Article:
As we discussed in a previous blog, the idea of bringing body cameras to the Baltimore Police Department has been gathering support for a while now. That support was shown in a measurable way when, this past Monday, the City Council voted yes for the body camera bill, which would require the city’s officers to wear the devices while on duty. The Council was overwhelmingly in support of the measure, voting with a 13 to 1 margin. But an impending veto from Mayor Stephanie Rawlings-Blake is expected, and Council President Jack Young does not believe that the 12-vote majority that would be required to override her veto can be met. So what is the mayor’s objection to the body camera bill, and how far back from progress will this veto potentially set Baltimore? Read on to find out more.
Mayor Rawlings-Blake wrote a piece entitled “A more thoughtful body camera approach” that was published in the Monday edition of the Baltimore Sun. In it, she states that while she is personally “100 percent in support of police body cameras,” she believes that there is a certain procedure that should be followed before they are signed into law.
“The City Council and I both agree on the need for quick action to address police misconduct,” she writes, “but we have to work smart to produce the best possible outcome for our constituents.”
While many believe that the immediate institution of body cameras would, in fact, produce the best possible outcome for Baltimoreans, Rawlings-Blake is taking a different approach. What is encouraging, in spite of her veto of the bill, is the fact that she does seem dedicated to this issue and will not let it fall by the wayside as other bills might. She has formed a research group who will evaluate the different factors associated with body camera usage, including the success of similar programs elsewhere, the issue of privacy, data storage, and the cost this plan would amount to for taxpayers. While all of these are important things to know, many are in agreement that the sooner they can be identified and the body camera bill can be put into place, the better for everyone involved. Citizens will be kept safe, cops will be kept honest, and the City of Baltimore will hopefully see a reduction in police misconduct and crime.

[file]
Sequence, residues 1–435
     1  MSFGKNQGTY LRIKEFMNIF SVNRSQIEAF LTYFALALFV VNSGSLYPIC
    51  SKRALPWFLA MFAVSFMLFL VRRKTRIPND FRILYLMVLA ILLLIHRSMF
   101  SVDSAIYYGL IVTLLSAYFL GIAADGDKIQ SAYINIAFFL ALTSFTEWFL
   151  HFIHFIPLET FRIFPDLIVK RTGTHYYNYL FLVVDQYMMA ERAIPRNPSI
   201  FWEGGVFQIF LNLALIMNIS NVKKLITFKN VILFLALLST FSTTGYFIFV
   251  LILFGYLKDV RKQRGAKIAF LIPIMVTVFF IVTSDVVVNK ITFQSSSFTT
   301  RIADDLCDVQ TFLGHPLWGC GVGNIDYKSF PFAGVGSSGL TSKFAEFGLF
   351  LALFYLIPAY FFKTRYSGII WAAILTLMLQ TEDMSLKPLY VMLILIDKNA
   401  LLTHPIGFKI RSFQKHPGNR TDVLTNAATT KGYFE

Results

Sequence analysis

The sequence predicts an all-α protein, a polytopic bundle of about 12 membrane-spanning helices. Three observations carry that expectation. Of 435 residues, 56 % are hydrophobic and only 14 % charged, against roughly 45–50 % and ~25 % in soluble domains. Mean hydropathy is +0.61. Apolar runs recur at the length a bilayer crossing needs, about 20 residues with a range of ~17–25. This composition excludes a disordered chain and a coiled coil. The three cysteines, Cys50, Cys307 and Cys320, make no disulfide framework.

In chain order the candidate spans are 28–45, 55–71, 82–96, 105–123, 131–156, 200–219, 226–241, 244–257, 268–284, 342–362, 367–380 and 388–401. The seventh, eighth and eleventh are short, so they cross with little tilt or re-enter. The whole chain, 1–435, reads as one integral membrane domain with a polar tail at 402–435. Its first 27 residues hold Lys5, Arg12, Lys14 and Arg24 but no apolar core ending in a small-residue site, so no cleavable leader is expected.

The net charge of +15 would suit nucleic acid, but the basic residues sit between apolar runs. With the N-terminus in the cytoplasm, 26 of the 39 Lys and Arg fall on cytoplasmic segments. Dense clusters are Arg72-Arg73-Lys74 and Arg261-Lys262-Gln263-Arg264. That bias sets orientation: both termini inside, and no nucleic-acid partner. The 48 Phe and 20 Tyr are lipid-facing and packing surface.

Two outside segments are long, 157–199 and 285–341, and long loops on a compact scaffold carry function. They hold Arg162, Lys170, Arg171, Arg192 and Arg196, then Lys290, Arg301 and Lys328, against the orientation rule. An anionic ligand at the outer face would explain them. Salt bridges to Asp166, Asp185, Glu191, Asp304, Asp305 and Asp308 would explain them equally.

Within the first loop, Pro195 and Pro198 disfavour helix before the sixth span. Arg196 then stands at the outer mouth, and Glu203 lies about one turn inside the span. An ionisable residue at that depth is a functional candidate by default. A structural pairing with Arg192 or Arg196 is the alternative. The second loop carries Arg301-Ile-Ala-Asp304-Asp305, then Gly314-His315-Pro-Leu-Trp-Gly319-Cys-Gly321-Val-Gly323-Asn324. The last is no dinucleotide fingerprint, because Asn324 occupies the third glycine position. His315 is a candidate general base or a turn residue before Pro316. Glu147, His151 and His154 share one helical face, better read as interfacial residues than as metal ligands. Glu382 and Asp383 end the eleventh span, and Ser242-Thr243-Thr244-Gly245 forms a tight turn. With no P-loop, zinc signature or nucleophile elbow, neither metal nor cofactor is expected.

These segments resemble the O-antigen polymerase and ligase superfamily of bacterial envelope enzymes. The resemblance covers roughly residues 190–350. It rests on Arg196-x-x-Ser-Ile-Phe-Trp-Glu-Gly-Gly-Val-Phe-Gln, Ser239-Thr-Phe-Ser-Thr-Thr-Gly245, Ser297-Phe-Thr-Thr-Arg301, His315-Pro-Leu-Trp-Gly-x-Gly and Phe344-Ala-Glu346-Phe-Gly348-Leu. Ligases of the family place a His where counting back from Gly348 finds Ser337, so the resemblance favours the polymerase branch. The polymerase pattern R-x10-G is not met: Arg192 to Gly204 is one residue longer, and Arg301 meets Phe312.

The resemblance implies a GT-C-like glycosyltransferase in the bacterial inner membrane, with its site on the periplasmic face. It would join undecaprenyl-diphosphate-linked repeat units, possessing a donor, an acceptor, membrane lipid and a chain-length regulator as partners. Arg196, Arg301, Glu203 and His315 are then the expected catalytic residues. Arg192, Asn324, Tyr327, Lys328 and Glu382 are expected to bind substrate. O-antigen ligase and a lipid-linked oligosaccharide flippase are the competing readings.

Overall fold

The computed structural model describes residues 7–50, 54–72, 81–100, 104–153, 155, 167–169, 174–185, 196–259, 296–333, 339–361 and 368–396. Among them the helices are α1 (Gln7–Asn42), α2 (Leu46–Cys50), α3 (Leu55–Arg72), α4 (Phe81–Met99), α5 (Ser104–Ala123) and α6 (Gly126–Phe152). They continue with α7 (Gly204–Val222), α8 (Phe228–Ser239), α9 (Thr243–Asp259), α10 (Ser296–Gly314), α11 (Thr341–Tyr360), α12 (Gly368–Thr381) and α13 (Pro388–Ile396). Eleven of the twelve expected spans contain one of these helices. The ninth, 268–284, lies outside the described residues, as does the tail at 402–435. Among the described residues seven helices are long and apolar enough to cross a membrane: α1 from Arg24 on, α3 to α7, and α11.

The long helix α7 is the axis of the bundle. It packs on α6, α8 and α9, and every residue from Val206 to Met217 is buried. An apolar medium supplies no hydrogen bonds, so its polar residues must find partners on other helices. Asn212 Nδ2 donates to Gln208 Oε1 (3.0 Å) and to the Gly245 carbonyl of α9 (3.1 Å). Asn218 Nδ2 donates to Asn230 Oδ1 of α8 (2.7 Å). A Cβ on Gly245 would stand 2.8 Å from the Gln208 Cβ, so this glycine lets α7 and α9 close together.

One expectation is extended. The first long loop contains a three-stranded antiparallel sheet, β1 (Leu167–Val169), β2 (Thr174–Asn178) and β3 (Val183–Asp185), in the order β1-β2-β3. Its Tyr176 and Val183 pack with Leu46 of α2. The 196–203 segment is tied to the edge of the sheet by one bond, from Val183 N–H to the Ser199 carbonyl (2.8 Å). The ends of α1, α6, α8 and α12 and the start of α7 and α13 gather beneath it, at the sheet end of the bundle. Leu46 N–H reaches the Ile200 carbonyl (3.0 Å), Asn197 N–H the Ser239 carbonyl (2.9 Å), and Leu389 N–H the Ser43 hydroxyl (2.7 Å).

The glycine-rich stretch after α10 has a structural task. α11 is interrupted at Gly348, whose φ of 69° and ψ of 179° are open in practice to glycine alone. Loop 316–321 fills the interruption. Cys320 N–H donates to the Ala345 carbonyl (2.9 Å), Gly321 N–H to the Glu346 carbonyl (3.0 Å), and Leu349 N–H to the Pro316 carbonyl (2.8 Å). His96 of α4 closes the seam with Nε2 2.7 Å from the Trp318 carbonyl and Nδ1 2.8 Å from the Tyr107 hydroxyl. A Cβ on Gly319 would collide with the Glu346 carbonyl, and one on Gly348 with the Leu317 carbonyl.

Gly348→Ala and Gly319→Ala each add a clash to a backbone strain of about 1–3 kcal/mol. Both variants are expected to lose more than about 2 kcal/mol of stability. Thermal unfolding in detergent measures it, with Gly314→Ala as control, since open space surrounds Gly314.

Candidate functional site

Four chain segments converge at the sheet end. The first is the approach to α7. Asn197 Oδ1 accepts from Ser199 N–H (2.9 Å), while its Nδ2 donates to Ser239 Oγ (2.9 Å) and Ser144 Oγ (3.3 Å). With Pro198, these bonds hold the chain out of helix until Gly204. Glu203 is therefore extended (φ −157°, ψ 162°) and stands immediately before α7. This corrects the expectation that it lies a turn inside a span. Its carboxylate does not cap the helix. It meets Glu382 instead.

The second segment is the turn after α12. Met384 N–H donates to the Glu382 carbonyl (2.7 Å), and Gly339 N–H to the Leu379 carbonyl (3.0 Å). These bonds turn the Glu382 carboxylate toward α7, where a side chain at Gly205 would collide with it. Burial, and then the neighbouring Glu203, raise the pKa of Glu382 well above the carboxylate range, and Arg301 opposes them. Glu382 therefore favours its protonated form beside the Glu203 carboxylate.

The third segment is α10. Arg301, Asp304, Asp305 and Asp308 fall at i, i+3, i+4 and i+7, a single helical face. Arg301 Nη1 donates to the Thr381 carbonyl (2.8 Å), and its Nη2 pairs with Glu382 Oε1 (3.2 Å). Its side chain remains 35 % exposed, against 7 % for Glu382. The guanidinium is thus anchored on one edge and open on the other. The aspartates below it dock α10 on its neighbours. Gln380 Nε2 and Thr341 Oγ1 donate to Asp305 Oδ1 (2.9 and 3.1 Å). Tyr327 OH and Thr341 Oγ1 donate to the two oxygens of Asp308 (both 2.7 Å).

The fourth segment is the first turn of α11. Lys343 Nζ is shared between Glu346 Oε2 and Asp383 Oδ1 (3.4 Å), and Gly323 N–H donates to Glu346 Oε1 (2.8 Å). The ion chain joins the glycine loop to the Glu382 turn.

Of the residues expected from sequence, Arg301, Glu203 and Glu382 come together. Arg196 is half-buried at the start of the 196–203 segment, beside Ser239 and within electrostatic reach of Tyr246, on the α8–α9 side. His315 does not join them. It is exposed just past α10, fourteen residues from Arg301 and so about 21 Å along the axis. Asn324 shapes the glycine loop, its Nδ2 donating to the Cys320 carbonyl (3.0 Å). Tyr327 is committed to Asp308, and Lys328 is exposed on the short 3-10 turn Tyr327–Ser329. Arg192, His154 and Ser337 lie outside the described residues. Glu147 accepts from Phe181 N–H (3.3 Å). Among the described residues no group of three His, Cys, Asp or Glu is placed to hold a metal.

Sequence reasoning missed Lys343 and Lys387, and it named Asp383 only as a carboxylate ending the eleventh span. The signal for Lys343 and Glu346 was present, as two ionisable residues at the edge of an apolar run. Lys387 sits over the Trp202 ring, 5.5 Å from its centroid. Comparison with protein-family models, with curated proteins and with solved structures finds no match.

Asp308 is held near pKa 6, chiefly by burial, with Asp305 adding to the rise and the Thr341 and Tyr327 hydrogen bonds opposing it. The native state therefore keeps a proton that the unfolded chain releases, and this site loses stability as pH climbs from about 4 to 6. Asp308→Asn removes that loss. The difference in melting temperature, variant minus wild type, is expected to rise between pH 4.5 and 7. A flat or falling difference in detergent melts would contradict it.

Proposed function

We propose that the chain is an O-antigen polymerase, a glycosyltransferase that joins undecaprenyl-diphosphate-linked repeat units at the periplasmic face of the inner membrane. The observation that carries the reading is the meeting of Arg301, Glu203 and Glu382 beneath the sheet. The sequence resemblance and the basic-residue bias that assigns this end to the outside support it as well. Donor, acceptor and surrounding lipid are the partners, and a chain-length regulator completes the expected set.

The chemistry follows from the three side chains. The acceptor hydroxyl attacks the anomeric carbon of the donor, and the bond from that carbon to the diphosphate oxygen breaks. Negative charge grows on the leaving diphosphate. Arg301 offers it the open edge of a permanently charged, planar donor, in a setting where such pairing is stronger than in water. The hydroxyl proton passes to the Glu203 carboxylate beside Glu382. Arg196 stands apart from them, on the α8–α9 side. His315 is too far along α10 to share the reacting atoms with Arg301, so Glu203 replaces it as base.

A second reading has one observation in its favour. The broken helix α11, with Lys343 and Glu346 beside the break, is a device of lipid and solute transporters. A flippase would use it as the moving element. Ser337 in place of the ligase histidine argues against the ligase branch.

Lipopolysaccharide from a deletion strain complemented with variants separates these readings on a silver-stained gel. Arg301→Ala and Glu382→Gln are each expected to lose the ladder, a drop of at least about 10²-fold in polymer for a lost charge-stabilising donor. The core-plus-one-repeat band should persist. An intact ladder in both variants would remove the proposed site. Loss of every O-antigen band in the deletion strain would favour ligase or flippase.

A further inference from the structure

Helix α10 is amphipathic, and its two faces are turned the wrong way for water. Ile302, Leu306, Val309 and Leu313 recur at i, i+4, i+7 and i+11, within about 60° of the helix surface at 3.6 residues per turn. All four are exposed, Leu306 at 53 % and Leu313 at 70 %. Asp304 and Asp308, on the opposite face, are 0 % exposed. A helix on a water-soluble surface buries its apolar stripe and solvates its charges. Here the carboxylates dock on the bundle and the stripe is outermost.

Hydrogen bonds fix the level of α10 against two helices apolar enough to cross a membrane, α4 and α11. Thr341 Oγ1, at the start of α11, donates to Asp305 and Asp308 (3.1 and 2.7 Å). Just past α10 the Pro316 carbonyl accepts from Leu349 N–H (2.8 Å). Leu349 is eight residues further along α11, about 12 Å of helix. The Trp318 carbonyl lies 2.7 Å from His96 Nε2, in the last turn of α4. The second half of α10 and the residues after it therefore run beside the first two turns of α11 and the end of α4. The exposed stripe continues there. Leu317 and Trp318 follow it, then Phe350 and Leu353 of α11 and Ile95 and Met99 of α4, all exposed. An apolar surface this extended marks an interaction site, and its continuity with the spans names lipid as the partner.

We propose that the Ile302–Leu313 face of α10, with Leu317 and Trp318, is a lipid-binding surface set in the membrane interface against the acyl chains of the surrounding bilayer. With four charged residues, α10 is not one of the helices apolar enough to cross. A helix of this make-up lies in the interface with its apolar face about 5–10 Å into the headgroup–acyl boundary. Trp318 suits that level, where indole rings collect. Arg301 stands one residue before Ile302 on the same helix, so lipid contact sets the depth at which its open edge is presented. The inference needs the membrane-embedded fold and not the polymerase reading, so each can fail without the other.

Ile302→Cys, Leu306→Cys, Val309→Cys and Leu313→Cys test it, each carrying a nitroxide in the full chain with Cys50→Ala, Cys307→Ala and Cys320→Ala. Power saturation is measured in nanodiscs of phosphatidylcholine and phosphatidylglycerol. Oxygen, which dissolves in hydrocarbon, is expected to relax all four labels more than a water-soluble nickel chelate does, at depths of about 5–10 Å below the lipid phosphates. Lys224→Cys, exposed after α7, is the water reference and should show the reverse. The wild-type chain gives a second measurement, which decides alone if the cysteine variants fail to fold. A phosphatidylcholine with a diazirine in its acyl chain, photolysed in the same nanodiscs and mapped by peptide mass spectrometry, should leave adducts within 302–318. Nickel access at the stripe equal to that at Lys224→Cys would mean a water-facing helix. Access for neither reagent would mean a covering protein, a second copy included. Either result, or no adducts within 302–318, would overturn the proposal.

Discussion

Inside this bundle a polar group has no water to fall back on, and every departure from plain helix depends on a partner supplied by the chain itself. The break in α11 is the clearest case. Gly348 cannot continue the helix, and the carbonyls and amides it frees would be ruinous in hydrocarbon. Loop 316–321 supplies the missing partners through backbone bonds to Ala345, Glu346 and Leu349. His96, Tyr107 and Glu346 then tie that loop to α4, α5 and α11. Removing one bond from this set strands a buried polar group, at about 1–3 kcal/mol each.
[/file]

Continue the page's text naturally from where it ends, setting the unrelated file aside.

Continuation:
Rawlings-Blake, in her Baltimore Sun article, says that she believes her slow-but-steady approach will ultimately be in the city’s best interest, as it will allow the funding for this project to be carefully and deliberately spent. Her final words on the subject amount to a promise that Baltimoreans cannot help but be in support of: “We are going to have police body cameras in Baltimore City, but I will never give up on fighting for us to do it the right way. The stakes are too high and the lives impacted too valuable to have it any other way.”
Your Criminal Defense Attorney: Bruce Robinson & Associates
Bruce Robinson & Associates is a criminal defense law firm based in Baltimore, MD. If you have been accused of criminal act and need aggressive counsel, Robinson & Associates is here to help. For more information and to schedule your free consultation, give Robinson & Associates a call at 443-524-7395 or visit us at www.marylandcriminallawyer.com. You can also follow us on Facebook, Twitter, and Google+.